The Invention of Brownstone Brooklyn

Gentrification and the Search for Authenticity in Postwar New York
Osman, Suleiman (Book - 2011)
Average Rating: 3.5 stars out of 5.
The Invention of Brownstone Brooklyn
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Oxford University Press
Considered one of the city's most notorious industrial slums in the 1940s and 1950s, Brownstone Brooklyn by the 1980s had become a post-industrial landscape of hip bars, yoga studios, and beautifully renovated, wildly expensive townhouses. In The Invention of Brownstone Brooklyn, Suleiman Osman offers a groundbreaking history of this unexpected transformation. Challenging the conventional wisdom that New York City's renaissance started in the 1990s, Osman locates the origins of gentrification in Brooklyn in the cultural upheavals of the 1960s and 1970s. Gentrification began as a grassroots movement led by young and idealistic white college graduates searching for "authenticity" and life outside the burgeoning suburbs. Where postwar city leaders championed slum clearance and modern architecture, "brownstoners" (as they called themselves) fought for a new romantic urban ideal that celebrated historic buildings, industrial lofts and traditional ethnic neighborhoods as a refuge from an increasingly technocratic society. Osman examines the emergence of a "slow-growth" progressive coalition as brownstoners joined with poorer residents to battle city planners and local machine politicians. But as brownstoners migrated into poorer areas, race and class tensions emerged, and by the 1980s, as newspapers parodied yuppies and anti-gentrification activists marched through increasingly expensive neighborhoods, brownstoners debated whether their search for authenticity had been a success or failure.

Authors: Osman, Suleiman
Statement of Responsibility: Suleiman Osman
Title: The invention of brownstone Brooklyn
gentrification and the search for authenticity in postwar New York
Publisher: Oxford ; New York : Oxford University Press, c2011
Characteristics: x, 348 p. : ill., maps ; 25 cm.
Bibliography: Includes bibliographical references and index
Contents: Urban wilderness
Concord village
The middle cityscape of Brooklyn Heights
The two machines in the garden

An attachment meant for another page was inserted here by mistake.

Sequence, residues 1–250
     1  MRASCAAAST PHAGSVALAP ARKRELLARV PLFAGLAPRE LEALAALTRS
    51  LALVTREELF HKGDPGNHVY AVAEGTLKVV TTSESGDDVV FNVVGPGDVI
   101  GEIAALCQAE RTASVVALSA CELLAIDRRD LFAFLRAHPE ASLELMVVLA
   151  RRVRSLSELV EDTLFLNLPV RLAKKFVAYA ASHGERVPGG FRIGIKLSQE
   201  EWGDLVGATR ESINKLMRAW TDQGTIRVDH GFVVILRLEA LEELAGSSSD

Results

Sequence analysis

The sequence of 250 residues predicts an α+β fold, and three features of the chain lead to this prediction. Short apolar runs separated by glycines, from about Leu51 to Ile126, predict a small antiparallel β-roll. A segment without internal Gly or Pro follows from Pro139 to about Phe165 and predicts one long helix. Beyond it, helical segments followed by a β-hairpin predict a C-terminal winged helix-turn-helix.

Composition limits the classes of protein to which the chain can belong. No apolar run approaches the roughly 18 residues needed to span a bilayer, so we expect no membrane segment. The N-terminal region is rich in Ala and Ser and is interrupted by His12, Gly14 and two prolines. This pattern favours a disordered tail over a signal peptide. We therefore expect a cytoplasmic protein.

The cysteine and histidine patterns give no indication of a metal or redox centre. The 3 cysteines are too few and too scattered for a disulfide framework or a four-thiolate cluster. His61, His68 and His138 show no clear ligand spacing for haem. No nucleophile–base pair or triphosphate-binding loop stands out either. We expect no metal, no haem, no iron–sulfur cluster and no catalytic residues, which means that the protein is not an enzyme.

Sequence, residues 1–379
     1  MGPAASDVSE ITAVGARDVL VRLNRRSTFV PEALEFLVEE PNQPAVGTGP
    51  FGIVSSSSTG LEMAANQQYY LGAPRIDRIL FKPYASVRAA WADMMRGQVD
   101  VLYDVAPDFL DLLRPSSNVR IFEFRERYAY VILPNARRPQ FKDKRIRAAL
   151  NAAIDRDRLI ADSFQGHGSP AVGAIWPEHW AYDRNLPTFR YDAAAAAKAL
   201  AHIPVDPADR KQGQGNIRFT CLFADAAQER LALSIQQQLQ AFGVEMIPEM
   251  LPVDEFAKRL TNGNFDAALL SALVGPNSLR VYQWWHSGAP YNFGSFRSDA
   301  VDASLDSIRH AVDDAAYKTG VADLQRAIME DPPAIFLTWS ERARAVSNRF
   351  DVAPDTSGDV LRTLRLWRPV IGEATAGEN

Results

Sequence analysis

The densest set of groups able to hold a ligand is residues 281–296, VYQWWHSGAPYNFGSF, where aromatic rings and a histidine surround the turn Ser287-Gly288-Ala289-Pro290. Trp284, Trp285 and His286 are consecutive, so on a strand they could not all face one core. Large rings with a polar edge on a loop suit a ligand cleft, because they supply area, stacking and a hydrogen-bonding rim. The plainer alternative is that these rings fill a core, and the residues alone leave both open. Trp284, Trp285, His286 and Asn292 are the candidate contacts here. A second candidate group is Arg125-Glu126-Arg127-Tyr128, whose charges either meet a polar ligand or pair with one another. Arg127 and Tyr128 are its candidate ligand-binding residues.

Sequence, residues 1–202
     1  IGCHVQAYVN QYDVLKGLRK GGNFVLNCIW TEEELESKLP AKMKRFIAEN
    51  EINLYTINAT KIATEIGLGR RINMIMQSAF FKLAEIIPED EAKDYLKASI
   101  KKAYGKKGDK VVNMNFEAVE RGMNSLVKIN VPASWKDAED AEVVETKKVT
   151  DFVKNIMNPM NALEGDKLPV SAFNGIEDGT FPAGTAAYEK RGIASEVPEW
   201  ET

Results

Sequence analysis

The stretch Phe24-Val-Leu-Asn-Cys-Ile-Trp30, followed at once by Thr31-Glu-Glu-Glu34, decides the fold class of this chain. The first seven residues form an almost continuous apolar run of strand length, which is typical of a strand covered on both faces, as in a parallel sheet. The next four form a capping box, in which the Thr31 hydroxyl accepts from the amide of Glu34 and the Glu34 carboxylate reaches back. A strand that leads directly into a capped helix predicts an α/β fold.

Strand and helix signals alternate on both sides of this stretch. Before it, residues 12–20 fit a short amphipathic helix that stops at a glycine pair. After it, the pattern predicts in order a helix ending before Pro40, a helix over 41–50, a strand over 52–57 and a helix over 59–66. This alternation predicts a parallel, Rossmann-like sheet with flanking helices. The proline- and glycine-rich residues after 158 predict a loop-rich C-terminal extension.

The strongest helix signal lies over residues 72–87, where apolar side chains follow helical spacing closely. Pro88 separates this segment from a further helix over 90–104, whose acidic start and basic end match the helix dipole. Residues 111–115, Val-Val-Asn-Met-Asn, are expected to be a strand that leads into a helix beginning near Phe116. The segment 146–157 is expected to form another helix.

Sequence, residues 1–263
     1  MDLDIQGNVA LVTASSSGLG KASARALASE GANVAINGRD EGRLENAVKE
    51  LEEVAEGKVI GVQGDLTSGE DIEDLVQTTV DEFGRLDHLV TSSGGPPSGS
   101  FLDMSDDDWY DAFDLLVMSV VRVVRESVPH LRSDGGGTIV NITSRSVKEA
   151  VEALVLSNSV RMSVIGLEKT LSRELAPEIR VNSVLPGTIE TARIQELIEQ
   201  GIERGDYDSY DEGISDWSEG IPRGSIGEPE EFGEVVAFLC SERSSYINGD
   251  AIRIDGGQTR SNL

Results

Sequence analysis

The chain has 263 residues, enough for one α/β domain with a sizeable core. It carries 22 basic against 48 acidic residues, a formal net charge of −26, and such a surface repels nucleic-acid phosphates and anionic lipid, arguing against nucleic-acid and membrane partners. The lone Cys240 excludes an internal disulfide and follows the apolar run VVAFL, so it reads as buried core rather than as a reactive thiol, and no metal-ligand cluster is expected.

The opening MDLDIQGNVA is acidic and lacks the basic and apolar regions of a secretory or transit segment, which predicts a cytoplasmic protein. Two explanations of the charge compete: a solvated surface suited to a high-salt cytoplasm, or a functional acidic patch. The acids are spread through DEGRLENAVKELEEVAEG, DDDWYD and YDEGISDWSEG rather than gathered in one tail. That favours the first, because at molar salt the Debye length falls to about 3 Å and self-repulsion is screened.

The highway in the garden and the literature of gentrification
Inventing brownstone Brooklyn
The neighborhood movement
Subject Headings: Brooklyn (New York, N.Y.) History 20th century Gentrification New York (State) Brooklyn History 20th century City planning New York (State) Brooklyn History 20th century Community development New York (State) Brooklyn History 20th century
Topical Term: Gentrification
City planning
Community development
LCCN: 2010023195
ISBN: 9780195387315
Branch Call Number: 307.3416 O
Research Call Number: *R-USLHG IRM (Brooklyn) 11-3492
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This book is a decent reference guide to the history of Brownstone Brooklyn, but there is a lot of bias and sections that will make you wince. The language he uses and his attitudes toward race are dated, even though the book was published in 2011! Refers to some groups as ethnic and spicy.

May 01, 2011
  • floy rated this: 4 stars out of 5.

This well-written book provides a compelling history of Brownstone Brooklyn through a comprehensive look at Brooklyn architecture, city planning & urban renewal, race and class issues, and politics.

Anyone who's watched movies or TV shows situated in New York has probably seen the lovely old 19th century brownstones. After reading this book, you will look at them differently. When they were built, many criticized the buildings as having false fronts with pretentious detailing and inferior stone. Now they're worth millions. Many people & the media viewed the white professionals who moved into the increasingly minority Brooklyn neighborhoods as "pioneers" who cleaned up their buildings and helped save the neighborhood and the city. Others saw those same people as part of the enemy - white people with money who evicted the multiple tenants in large brownstones so they could move their own single families in and live in style. The white families intially saw themselves as liberal for moving into the area but some gradually morphed into self-interested residents who objected to all other improvements for the poor in the neighborhood. Everything is complicated in NYC but the author is a fine guide through the thicket.


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